Our Best Stuff From a Week of Revealing Primaries
The Democrats back Peter Meijer’s challenger in Michigan, and a pro-life referendum fails in Kansas.
Hello and happy Saturday. I was on duty Tuesday night to monitor the results and edit our coverage of the primaries in Wisconsin, Missouri, Arizona, and Washington. (If you want to know what that looks like in a remote bureau as compared to a newsroom, it involves a comfy couch, news on the TV, Twitter on my phone, a 60-pound dog on my lap, and approximately 37 open browser tabs on my laptop.)
The Missouri GOP Senate race we were watching was over quickly, with one Trump-endorsed Eric (Schmitt) beating Rep. Vicky Hartlzer and the other Trump-endorsed Erc (Greitens). Arizona’s and Washington’s polls didn’t close until 11 p.m. ET, so that meant most of my attention was on the Peter Meijer-John Gibbs race in Michigan’s 3rd Congressional District.
Meijer (if you missed our preview) was a freshman representative just days into his new job on January 6, 2021. He made an immediate name for himself by voting to impeach Donald Trump a week later, and solidified his reputation over the last 20+ months as a pragmatic moderate and critic of MAGA shenanigans.
Gibbs, on the other hand, worked in the Trump administration, thinks Trump was the best president of his lifetime, and claims that the 2020 election was illegitimate. For good measure, he’s also accused Democrats of participating in Satanic rituals.
Readers, I’ll let you guess who I was pulling for.
Early on, the returns seemed to favor Meijer. He trailed, but Gibbs was winning in two low-density counties that tallied ballots a little quicker, and Meijer was ahead by a comfortable margin in populous Kent County. Surely that gave him an advantage.
And it did, until it didn’t. He took the overall lead briefly, but then Kent County started turning toward Gibbs. Then it was over.
As it became clear that Gibbs would win, a debate broke out among pundits and on Twitter around the fact that the Democratic Congressional Campaign Committee spent $435,000 on ads featuring Gibbs in the week before the election. I say “featuring” because the ads were nominally anti-Gibbs—if you were a Democrat, that is (and hence not voting in the GOP primary). They assailed Gibbs as “too conservative” for western Michigan and called attention to his ties to Trump. Who’s going to eat that up? Trump supporters, that’s who. Some criticized the DCCC for meddling and warned that the move was playing with fire, while some NeverTrumpers and Democrats shrugged and blamed Republican voters for preferring controversial candidates in the first place.
A Trump skeptic facing a primary challenge from a Trump-endorsed MAGA candidate is not a new storyline—in fact, it’s THE storyline of the midterms for the GOP. And this isn’t the first race that Democratic groups funded. But this one feels different. It’s one thing to fund someone like Dan Mastriano, the Pennsylvania gubernatorial nominee who was at the Capitol on January 6, over Lou Barletta, a Trump supporter who sought the former president’s endorsement.
We can argue all day about the pros and cons of having a two-party system, but it’s our reality. Our government functions best when both parties are represented by their best. People who can disagree but find common ground, people who can challenge their opponents thoughtfully, each side forcing the other to sharpen their arguments and make the best case for what they want. It requires thought and consideration and hard work, not TV hits and publicity stunts and hyperbolic tweets.
Meijer is everything a good-faith Democrat should want in a representative on the other side. Above all that, he was courageous. He did the right thing in voting to impeach Trump—the very thing, the most important thing, that Democrats complained not enough Republicans did.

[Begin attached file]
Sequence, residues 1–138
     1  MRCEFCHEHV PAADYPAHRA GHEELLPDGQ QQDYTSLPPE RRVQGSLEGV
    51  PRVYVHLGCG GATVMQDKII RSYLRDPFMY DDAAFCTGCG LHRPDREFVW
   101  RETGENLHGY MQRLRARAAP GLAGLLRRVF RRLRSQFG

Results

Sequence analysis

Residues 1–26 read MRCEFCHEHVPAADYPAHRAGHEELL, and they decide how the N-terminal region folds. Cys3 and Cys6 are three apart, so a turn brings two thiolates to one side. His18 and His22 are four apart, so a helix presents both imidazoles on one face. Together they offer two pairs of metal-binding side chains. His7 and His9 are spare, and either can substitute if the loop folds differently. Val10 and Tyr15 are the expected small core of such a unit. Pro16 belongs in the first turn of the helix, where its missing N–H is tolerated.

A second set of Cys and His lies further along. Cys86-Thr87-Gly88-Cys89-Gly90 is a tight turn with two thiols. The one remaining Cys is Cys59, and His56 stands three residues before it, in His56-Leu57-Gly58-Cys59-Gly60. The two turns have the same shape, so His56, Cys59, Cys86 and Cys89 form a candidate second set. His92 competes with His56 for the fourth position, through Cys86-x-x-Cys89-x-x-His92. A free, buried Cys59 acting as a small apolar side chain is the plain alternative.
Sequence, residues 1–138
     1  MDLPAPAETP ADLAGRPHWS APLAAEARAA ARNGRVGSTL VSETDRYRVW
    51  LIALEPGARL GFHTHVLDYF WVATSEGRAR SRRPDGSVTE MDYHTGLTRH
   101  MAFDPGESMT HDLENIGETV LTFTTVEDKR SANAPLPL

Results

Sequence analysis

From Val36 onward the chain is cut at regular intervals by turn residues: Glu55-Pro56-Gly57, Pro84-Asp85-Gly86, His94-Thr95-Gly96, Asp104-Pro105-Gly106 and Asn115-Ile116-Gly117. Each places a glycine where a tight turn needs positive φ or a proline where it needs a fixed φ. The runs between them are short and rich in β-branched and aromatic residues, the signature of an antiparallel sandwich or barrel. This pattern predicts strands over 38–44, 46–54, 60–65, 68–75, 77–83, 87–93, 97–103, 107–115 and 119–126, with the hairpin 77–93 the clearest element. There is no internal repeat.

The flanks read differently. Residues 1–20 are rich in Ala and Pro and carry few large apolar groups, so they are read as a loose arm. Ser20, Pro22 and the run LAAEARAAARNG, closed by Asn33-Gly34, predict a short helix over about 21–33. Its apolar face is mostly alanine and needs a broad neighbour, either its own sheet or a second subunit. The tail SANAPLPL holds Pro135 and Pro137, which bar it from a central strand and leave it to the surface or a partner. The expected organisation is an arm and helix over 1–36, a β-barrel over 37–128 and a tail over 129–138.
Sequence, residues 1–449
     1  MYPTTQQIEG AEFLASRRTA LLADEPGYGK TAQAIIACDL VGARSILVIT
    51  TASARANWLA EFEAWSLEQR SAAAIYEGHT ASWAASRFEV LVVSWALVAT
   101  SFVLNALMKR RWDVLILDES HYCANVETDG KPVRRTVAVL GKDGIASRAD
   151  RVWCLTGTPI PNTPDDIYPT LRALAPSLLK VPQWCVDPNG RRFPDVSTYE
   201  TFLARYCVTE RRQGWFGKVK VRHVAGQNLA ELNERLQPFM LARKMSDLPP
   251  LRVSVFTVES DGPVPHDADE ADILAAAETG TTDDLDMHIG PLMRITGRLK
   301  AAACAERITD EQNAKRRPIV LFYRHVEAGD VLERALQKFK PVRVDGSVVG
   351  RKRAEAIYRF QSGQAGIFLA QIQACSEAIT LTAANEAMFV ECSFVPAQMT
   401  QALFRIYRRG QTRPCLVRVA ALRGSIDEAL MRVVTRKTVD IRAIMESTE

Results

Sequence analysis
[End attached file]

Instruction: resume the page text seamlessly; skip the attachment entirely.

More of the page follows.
But instead of taking the chance they might have to work a little harder for the seat in November, the Democrats put their thumb on the scale in favor of Gibbs.
One of the facile justifications for such meddling is that it means the Democrats will have an easier time in the general election. And maybe, in some cases, that is so. After redistricting, the territory that now makes up the 3rd District went for Biden by 9 points in 2020.
But we’ve seen this show before. I remember 2016. I remember the glee my liberal then-colleagues at the publication I worked for felt about the idea of Donald Trump as the GOP nominee. I remember the cable networks airing his rallies live just for ratings. (It’s been calculated that free airtime was worth $2 billion.) It was all guano and giggles until the wee hours of November 9 when reality set in. I cannot fathom why anyone would want to take that chance again, however unlikely.
It’s true that the GOP has largely surrendered to the Trump cult of personality and welcomed fact-resistant conspiracy theorists. But it’s offensively cynical for Democrats to shrug this off as, “Not my circus, not my monkeys.” The GOP might have erected the tents and brought in the simians, but Democrats passed out the bananas.
Thanks for reading. Now, here’s our best stuff from the week.
A common putdown for Trump-skeptical Republicans—at least those in Washington, D.C.—from the right is that these RINOs opposed Trump because they didn’t want to miss out on invitations to “Georgetown cocktail parties” where they could hobnob with other powerful people. It’s a silly argument, but—as it turns out—there’s a whole generation of up-and-coming conservatives who spend their weekends mingling with other elites at swanky parties. In this thoroughly reported piece, Alec exposes not only this somewhat superficial example of hypocrisy among the “new right” but explores what it says about a movement that wishes to extol the virtues of “middle America”—claiming it is the best model for society—without actually getting to know or engaging with the people it claims to idealize. As one source told Alec, “I don’t think you have to be making pilgrimages to rural Texas every week to think that policies [American Compass founder Oren Cass] supports are good for the country.” Grab a lavender cookie and a bellini and read the whole thing.